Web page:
I would get up at 6am with my dad, pull on my boots and add one jacket on top of another. At only 8 years old, I’d fill that dented and well-loved Stanley thermos with hot chocolate – dad had his thermos of coffee – and traipse with him to the boat. I can still see the boat bobbing by the dock and smell the salty ocean water. A few seagulls say hello, but all else is quiet, serene – we witness the crack of dawn playgroup
He loved to fish, and I loved being part of dad’s crew. I’d curl up on the bright blue, tattered vinyl boat seat then stare at the end of my fishing pole for hours. Was that a bite? We listened to music – or Bill Cosby or the Nylons – and if my Uncle or grandpa were fishing on a nearby boat – we’d call them on the CB (long before cell phones existed). Roger.
After hours filled with a few exciting minutes of reeling like a mad-person, nets flying and big proud grins – we’d pull in our poles and motor back to dock.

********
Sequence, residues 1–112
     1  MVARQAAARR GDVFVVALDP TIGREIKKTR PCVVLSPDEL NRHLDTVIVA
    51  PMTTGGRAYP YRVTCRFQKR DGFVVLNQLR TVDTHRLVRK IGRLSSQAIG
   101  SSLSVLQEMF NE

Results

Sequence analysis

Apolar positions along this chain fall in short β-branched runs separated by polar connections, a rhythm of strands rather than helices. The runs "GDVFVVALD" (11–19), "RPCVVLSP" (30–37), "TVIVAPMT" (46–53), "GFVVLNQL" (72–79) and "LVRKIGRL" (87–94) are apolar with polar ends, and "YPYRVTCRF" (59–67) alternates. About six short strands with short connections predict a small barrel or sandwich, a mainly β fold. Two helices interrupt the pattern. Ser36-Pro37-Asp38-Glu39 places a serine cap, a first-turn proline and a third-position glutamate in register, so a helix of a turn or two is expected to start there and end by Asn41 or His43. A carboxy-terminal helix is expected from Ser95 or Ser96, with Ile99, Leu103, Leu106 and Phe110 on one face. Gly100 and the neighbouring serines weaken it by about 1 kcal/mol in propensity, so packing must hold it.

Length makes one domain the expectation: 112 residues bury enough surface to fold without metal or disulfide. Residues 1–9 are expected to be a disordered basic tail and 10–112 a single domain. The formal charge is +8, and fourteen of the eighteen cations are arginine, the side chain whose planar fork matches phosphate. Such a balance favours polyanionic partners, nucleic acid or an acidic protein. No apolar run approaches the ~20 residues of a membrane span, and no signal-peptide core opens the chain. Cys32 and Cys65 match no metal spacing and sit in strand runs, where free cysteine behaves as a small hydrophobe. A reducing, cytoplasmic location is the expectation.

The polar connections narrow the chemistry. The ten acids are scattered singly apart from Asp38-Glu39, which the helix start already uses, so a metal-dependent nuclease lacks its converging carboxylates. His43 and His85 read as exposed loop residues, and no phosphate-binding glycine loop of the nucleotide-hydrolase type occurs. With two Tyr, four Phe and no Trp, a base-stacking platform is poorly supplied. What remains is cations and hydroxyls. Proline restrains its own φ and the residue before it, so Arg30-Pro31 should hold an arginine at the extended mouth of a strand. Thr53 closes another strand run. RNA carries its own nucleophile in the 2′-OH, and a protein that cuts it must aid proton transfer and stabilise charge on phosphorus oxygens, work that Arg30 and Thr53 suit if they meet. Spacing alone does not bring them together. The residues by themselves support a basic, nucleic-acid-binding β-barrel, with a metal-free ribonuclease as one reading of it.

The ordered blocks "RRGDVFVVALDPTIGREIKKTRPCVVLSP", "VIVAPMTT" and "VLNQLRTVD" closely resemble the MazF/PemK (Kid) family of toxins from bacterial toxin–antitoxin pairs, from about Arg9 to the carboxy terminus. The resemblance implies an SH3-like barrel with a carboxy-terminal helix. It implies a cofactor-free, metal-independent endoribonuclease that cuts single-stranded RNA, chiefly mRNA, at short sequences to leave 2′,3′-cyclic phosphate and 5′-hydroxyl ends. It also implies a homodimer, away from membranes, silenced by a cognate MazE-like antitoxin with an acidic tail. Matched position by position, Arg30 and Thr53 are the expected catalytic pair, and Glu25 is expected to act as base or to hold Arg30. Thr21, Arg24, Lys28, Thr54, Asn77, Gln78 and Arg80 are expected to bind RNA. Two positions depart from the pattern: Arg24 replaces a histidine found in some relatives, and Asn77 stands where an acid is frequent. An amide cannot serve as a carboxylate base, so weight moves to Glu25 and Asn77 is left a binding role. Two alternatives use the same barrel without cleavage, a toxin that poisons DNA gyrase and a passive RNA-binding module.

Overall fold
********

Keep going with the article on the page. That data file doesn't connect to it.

I would watch as my dad deftly fileted each fish – on the dock there would be a pseudo sink with a spray hose and slab of wood preamp
My family ate salmon frequently. Often we would fish near the San Juan Islands off the coast of Washington state. Back in the day: we would catch our limits. We loved to eat salmon. And we always, always ate it with grandma’s special sauce. Now that I think about it: it was like smearing tomato aspic on the highest quality line-caught salmon you could find. Who does that?
salmon sauce @talkoftomatoes Grandmas Special Salmon Sauce
As a child, it was a given that we put ‘grandma’s special sauce’ on our salmon. Now I giggle at the notion that I accepted ‘special sauce’ without question. Even today, nostalgia easily trumps my professionally trained palate: I still make and love grandma’s special sauce jimmy choo handbags